Streaming with more than one PC has been the leader in H.264 encoding for years, but NVIDIAs Turing and Ampere generation has put a significant dent into that lead. The new generation of GPUs with the brand new encoder brought comparable quality x264 medium – if you can find a GPU that is. Let’s take a look at what’s needed to set up your stream for massively improved quality.
The guide has been updated for:
StreamFX v0.10 and OBS Studio 27.0
Setting up NVENC (for Streaming)
Modern OBS Studio has two ways to achieve the expected quality: the built-in NVENC H.264 (new) and the addition from StreamFX called NVIDIA NVENC H.264/AVC (via FFmpeg). Both Options can achieve similar quality to x264 medium, but the latter is able to exceed that and rival x264 medium/slow in various situations. Whichever you pick, both of them support zero-copy encoding, and they’re both valid options for streaming.
Built-In: OBS Studio NVENC H.264 (new)
The built-in NVENC option in OBS Studio is by far the simplest option and will give you almost identical quality on Maxwell, Pascal, Turing and Ampere, though Turing and Ampere will make use of the new improvements of the NVENC chip. Maxwell and Pascal users can expect to reach x264 veryfast/faster-like quality, while Turing and Ampere users can expect to hit fast/medium-like quality. Below are the settings you need to set:
|Preset||Quality||Max Quality or Quality|
|Psycho Visual Tuning||Enabled/Checked||Enabled/Checked|
|Max B-Frames||1 or 2||3 or 4|
StreamFX: NVIDIA NVENC H.264/AVC (via FFmpeg)
If you’re new to StreamFX’s NVENC integration, it will most likely overwhelm you with the settings it offers. But thanks to all those settings, you can actually go above the default quality by quite a significant amount. Note that I will only cover critical settings, as other settings like Bitrate, Buffer Size and Key Frame Interval are explained elsewhere.
|Preset||High Quality||High Quality|
|Rate Control Options|
|► Mode||High Quality|
|► Two Pass||Disabled||Enabled|
|► Look Ahead||8||Any value between 16 and 32|
|► Adaptive I-Frames||Disabled||Disabled|
|► Adaptive B-Frames||Enabled||Enabled|
|► Spatial (AQ)||Enabled||Enabled|
|► Spatial (AQ) Strength||<Any>||<Any>|
|► Temporal (AQ)||Enabled||Enabled|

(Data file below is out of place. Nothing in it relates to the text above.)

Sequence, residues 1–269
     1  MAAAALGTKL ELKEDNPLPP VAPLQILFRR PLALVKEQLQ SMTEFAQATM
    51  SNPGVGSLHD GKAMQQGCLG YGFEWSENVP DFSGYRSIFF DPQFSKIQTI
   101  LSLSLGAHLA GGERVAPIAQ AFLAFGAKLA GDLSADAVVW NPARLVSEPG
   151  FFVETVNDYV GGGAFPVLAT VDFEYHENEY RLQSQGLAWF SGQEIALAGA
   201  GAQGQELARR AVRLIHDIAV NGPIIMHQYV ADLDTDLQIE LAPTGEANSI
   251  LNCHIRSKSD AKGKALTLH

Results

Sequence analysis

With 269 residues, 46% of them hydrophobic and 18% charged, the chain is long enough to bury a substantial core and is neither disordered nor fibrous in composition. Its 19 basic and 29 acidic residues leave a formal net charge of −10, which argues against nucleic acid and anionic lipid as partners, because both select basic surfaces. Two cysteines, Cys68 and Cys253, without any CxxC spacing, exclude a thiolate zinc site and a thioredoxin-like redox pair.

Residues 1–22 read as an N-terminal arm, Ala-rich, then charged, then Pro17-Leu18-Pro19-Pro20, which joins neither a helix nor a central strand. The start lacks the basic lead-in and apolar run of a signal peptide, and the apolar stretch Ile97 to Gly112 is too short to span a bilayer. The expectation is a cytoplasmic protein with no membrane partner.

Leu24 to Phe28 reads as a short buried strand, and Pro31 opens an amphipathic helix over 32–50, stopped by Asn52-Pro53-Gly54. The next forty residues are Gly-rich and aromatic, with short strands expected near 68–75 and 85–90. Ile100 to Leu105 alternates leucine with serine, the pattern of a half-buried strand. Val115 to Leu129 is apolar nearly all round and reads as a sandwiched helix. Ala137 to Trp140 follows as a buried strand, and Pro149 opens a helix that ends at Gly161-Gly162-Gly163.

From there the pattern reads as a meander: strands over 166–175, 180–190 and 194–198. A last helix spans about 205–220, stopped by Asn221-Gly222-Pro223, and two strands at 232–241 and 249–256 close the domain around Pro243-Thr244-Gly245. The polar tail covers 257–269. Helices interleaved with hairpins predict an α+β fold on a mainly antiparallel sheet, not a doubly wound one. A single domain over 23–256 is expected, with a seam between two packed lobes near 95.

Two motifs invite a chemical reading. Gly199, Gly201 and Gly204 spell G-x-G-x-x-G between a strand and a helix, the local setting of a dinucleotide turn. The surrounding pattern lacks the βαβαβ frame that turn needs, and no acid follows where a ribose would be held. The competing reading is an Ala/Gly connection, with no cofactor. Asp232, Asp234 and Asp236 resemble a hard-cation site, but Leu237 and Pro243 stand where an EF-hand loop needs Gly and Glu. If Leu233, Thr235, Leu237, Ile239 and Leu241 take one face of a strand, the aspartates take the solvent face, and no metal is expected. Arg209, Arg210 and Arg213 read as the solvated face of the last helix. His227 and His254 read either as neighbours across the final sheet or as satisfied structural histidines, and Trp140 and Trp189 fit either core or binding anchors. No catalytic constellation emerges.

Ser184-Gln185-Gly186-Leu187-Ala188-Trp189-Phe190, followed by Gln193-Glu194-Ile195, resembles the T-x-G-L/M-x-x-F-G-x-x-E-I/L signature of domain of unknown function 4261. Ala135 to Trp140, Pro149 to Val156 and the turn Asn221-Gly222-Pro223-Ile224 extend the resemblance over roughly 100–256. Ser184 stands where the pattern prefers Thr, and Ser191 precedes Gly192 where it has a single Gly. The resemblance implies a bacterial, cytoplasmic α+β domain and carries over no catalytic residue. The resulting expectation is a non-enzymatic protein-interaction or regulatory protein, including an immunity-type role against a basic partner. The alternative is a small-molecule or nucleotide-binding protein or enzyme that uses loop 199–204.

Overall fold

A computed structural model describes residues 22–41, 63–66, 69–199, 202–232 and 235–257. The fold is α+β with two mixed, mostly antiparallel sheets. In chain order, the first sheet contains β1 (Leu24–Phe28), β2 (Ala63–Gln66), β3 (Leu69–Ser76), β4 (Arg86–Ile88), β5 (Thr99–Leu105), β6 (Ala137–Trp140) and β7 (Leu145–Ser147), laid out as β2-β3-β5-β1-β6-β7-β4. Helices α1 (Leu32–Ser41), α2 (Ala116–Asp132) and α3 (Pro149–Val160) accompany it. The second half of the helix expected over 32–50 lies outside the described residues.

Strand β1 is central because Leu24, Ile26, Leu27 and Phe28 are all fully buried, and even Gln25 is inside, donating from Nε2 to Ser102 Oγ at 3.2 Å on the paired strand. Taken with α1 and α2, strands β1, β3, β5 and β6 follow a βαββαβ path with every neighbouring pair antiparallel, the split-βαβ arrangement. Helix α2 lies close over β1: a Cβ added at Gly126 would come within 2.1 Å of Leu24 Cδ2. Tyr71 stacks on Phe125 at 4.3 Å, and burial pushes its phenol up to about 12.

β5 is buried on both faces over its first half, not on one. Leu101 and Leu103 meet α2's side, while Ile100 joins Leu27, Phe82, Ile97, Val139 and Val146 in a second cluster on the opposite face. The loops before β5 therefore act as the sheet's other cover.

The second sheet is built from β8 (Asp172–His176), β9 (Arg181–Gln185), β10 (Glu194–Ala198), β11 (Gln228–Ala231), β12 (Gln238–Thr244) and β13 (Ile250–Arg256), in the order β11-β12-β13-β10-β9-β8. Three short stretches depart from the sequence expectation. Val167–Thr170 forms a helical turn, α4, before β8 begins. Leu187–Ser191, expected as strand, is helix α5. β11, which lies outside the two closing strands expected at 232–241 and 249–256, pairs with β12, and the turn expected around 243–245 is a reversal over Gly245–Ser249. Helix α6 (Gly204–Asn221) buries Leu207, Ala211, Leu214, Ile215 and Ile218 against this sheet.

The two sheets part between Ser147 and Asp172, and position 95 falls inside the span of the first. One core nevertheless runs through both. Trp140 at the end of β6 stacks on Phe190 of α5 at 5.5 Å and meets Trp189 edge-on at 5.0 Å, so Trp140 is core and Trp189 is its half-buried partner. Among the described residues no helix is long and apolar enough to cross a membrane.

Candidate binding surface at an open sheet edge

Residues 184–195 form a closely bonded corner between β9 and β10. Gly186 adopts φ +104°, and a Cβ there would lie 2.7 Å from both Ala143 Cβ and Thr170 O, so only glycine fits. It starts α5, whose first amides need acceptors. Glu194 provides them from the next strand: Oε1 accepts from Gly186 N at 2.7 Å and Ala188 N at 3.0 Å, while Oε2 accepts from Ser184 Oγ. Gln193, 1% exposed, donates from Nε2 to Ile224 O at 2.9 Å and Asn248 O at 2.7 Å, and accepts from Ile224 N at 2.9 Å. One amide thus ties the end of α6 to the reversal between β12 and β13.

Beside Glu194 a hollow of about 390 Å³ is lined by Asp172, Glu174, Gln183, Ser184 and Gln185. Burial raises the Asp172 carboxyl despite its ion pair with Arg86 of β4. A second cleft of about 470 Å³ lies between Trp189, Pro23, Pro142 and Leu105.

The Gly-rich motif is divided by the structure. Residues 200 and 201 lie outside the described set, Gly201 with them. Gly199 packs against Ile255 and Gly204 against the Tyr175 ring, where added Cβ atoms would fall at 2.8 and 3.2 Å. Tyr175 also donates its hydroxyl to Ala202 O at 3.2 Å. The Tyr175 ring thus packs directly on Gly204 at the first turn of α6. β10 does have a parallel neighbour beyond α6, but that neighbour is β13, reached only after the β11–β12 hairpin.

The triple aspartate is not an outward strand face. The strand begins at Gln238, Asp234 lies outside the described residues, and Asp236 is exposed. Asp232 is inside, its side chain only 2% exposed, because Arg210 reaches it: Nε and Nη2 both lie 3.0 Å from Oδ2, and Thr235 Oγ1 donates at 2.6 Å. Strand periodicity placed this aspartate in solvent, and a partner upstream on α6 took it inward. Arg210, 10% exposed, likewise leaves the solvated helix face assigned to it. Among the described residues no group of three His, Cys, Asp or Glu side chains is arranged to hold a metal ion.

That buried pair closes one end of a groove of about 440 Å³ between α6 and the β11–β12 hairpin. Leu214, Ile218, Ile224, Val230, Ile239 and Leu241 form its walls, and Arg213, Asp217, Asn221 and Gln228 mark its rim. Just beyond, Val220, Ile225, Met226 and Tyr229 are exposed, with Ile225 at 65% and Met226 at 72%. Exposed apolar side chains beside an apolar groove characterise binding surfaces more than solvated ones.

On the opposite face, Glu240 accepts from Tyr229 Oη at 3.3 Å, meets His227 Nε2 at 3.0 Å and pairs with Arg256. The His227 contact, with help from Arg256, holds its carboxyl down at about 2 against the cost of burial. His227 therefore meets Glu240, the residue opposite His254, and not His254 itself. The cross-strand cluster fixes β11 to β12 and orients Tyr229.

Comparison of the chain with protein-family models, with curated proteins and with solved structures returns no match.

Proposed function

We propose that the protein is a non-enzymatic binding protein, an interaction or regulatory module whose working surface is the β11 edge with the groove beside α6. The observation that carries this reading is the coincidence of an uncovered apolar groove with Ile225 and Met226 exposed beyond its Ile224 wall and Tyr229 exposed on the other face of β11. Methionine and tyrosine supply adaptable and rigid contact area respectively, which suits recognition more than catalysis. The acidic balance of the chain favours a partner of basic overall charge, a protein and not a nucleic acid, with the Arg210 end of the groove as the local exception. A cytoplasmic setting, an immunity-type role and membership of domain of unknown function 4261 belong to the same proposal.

|► Maximum B-Frames||1 or 2||3 or 4|
|► B-Frame References||“middle”||“middle”|
|► Zero Latency||Disabled||Disabled|
|► Weighted Prediction||Disabled||Disabled|
|► Non-reference P-Frames||Enabled||Enabled|
|FFmpeg Options (Optional)|
|► Custom Settings||-refs=#|
The correct value for
-refs= depends on the H.264 Level you have chosen and while higher levels do have more reference frames available to them, the devices supporting this are limited in number. In order to target H.264 Profile Level 4.2, you would have to set
-refs=4 at 1920×1080,
-refs=6 at 1600×900, and
-refs=9 at 1280×720. It is possible to calculate this value with the data and formulas provided in “H.264 Annex A.3.1”.
Setting up Resolution and Framerate to match the Bitrate
It is no secret than H.264/AVC is an outdated codec and that platforms should have paved the way for better codecs a long time ago, but it is the solution that we are stuck with until AV1 is adopted by the masses. So in order to get the best quality out of our stream, we should aim to also set up our stream according to the bitrate and codec we use. Below is the average result of a few hundred thousand tests at various resolutions and bitrates, according to PSNR and VMAF (weighted PSNR 30:70 VMAF):
A 10 is perfect, 9 is near lossless, 8 is indistinguishable, 7 is high quality, 5 is acceptable quality and 3 is watchable.
Please note that watchable in video encoding means that you can decode information within it with reasonable accuracy, instead of it having turned to full garbage. Higher resolutions than 1920×1080 were omitted from the table as the rows would be filled with values between 0 and 1, which just are not very useful to us.
This means that at 3.5mbit, the highest resolution and framerate for a variety streamer is 1280×720 at 30 FPS, or 960×540 at 60 FPS. The equation shifts slightly for 6.0mbit, where you can either go for 1536×864 at 30 FPS or 1280×720 at 60 FPS. Finally at 8.5mbit you are looking at a maximum resolution and framerate of 1920×1080 at 30 FPS or 1536×864 at 60 FPS.
In the past few years NVIDIA has made massive improvements to their encoder, which has evened the playing field far beyond what was expected. With no need to transfer frames from the GPU to the CPU, and quality comparable to x264 medium (or better), NVIDIAs Turing NVENC is pushing the boundaries of what is possible in a single consumer PC.
Whether you use it or not is entirely up to you however. If you already have a working Dual-PC setup that can achieve x264 medium (or better) quality, then you don’t gain much from moving to Turing NVENC. But if you’re currently stuck on anything below x264 medium, or have a Turing GPU ready to test it out – why not give it a shot?